Archos 10.1-Inch G9 Tablet Lightning Review: Cheap, and *Almost* There

By Sam Gibbs on at

Archos used to be known for large capacity tablet-style media players. Now it's making Android tablets and the media-centric 10.1-inch G9 is one of its latest. It's a media power-house, but is it a bit of a one-trick pony?

 

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As you might expect from Archos, media playback is the main focus of the Android-powered G9 and it does the job well. Archos has bundled its own media player into the mix, which'll handle almost every audio and video format, and container, under the sun. It also comes packing TI's OMAP4 dual-core Cortex A9 clocked at 1GHz that will even tackle H.264 high-profile at full HD -- something a lot of other tablets simply can't manage.

Decent media playback deserves a great looking screen and thankfully Archos has delivered with a 10.1-inch, 1280x800 LCD. Although it's not IPS, the horizontal viewing angles are still really great. It's meant to be the same screen as used within the Motorola Xoom, so it's decent, especially considering the price.

Speaking of the price, for a 10.1-inch Honeycomb tablet, this thing is cheap. The 8GB version can be had for around the £250 mark, which makes it just over half the price of Apple's iPad 2, and cheaper than most decent Android tablets available in the UK today. Both 8 and 16GB models are expandable with microSD, so you've got plenty of space for storing media.

The tablet comes with optional 3G compatibility and here's where Archos really has done something right. For £50 you can add a network-unlocked 3G modem, which slots into an integrated USB port in the back of the device. The stick sits flush with the rest of the case and doesn't add any bulk to the tablet. Not only does that add 3G to your tablet, but the modem is a standard USB affair, meaning you can take it out of your tablet and shove it into your laptop for mobile computing -- no need for two data-plans.

The rest of the connectivity is pretty good too. You've got Wi-Fi, Bluetooth, microUSB for charging and syncing, mini HDMI for connecting up to your TV, as well as the essential headphones port. The tablet also comes equipped with a mic and front facing camera for video chat that is also capable of recording mediocre 720p video, and stills that aren't anything to write home about. It's even got an integrated kickstand for landscape movie watching -- something I wish more devices came with.

 

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For under £250 there's not a lot to fault the G9 on, though there is one rather big issue we can't ignore -- and that’s performance. Unfortunately being cheap comes at a price. While the G9 handles media with aplomb, the same can't be said for other tasks like web browsing. The processor in the G9 is fairly decent, but once you have more than one thing open, the whole experience starts to really chug. Archos does't list the amount of RAM in the G9, but a glance at the program manager tells me it's only 512MB. Trying to open and browse websites like Giz UK, if you have anything else open, really takes its toll on the device, producing a frustrating experience. Likewise, the same can be said for the standard Honeycomb interface, which runs great at first boot, but quickly becomes bogged down.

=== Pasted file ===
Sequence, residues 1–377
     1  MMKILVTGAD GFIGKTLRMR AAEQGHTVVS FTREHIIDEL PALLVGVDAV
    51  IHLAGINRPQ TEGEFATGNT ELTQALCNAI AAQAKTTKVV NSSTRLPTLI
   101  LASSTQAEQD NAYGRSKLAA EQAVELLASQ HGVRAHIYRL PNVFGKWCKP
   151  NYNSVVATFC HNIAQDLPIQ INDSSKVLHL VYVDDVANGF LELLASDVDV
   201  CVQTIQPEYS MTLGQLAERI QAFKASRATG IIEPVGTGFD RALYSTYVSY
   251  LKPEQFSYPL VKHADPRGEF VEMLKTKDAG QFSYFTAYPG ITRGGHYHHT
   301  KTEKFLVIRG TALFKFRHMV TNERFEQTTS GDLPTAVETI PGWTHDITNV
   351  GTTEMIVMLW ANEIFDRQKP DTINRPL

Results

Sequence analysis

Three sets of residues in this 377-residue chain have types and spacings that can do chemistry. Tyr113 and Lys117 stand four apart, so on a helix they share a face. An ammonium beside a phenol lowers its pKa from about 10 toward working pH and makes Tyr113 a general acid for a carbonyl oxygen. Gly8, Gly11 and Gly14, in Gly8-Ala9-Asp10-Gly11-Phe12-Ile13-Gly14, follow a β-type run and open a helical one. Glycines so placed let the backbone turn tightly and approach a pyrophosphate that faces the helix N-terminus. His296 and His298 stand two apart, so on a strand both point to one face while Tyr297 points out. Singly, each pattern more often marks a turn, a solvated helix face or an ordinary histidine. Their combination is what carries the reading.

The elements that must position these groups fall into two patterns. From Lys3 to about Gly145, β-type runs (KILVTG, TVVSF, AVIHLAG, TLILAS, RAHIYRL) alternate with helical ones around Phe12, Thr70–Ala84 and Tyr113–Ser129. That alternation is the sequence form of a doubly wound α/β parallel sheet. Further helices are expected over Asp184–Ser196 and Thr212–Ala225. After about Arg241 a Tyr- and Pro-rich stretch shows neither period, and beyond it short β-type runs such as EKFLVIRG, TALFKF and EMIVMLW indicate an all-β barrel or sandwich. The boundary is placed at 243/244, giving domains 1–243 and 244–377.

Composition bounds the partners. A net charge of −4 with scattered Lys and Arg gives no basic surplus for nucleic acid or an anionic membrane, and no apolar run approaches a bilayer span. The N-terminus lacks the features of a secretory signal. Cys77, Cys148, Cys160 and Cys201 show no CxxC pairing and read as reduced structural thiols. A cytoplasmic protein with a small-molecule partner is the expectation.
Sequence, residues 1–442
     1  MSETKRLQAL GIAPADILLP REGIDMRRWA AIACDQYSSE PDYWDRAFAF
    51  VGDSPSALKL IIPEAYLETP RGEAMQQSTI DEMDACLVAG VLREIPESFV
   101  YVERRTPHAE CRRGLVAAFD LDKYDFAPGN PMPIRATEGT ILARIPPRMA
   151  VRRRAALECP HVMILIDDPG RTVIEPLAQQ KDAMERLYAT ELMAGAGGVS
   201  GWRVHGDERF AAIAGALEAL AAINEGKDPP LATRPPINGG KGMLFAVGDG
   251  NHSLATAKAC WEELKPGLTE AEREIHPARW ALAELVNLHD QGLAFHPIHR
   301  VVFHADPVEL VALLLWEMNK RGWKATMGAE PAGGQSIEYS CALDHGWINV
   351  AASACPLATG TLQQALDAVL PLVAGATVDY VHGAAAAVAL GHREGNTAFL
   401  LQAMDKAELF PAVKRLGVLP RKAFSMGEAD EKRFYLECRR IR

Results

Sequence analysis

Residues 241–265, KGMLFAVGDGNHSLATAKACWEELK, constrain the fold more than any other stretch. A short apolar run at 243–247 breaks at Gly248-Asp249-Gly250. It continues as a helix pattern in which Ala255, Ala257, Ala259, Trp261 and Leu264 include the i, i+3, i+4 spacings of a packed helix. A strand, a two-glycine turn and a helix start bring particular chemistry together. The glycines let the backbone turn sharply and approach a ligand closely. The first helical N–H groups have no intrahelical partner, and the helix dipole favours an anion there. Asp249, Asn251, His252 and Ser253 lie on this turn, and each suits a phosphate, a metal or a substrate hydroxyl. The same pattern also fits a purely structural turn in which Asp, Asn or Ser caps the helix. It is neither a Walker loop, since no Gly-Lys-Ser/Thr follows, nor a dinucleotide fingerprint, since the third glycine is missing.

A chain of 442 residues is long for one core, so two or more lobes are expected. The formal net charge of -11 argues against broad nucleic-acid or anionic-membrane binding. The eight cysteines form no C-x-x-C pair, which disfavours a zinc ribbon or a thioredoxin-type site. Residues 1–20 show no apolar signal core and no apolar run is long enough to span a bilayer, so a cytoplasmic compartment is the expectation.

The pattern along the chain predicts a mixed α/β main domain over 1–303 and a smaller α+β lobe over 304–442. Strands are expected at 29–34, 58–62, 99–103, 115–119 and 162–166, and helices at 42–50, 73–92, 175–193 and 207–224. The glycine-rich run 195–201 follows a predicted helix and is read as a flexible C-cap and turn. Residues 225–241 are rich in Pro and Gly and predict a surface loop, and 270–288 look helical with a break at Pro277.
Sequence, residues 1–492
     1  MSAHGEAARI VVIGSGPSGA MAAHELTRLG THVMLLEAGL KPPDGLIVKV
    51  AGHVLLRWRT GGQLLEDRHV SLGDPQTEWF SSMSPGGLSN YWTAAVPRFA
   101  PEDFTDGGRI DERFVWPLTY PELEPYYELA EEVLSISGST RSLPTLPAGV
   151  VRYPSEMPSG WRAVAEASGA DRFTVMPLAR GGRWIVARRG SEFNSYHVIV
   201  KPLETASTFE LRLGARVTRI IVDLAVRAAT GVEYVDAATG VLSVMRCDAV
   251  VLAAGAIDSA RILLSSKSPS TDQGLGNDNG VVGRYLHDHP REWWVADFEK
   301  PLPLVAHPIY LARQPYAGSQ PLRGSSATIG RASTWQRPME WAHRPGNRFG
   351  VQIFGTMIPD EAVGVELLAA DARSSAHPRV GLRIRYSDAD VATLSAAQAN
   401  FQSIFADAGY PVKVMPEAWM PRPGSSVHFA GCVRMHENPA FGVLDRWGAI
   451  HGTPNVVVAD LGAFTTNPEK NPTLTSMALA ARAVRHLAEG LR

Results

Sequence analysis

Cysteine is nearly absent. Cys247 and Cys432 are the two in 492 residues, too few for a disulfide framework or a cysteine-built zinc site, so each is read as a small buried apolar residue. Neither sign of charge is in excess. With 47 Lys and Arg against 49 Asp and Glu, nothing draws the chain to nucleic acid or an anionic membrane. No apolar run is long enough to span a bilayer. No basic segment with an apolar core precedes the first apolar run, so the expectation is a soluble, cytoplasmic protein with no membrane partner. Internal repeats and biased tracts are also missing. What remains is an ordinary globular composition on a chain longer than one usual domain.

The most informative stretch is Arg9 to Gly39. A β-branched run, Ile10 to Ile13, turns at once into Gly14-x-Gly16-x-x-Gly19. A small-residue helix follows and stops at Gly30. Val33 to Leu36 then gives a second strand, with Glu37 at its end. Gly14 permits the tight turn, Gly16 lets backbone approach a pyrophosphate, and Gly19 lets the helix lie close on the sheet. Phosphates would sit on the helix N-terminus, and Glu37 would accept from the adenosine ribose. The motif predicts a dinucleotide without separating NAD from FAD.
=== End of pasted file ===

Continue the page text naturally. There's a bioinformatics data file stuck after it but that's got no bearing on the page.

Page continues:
The build quality is OK. Not great, but OK. The button placement, however, is annoying. The power button is one end and the volume the other, but they both fall under where you would naturally place your hands. Considering they're used fairly infrequently in actual use, they should have been put on the top of the tablet, somewhere where you're not going to constantly hit them by accident.

The touchscreen can also be a bit off sometimes, and certainly not quite as responsive as I would have liked -- but then that might be down to sluggish performance. Talking of the screen, the thing is an absolute finger-print magnet, meaning that you'll need to keep a cloth handy, especially as it'll give your lock-screen grid passcode away in an instant.

 

Should I Buy It?

It's cheap, plays media really well and looks pretty good. The performance of the thing can get really tiresome with limited RAM and the poor out-of-the-box task management of Honeycomb, but what do you expect for around £250? The expandable storage, kickstand and good connectivity make it a compelling experience for anyone looking for a tablet on a tight budget. I especially like the one 3G stick for both tablet and computer idea, which works superbly well.

 

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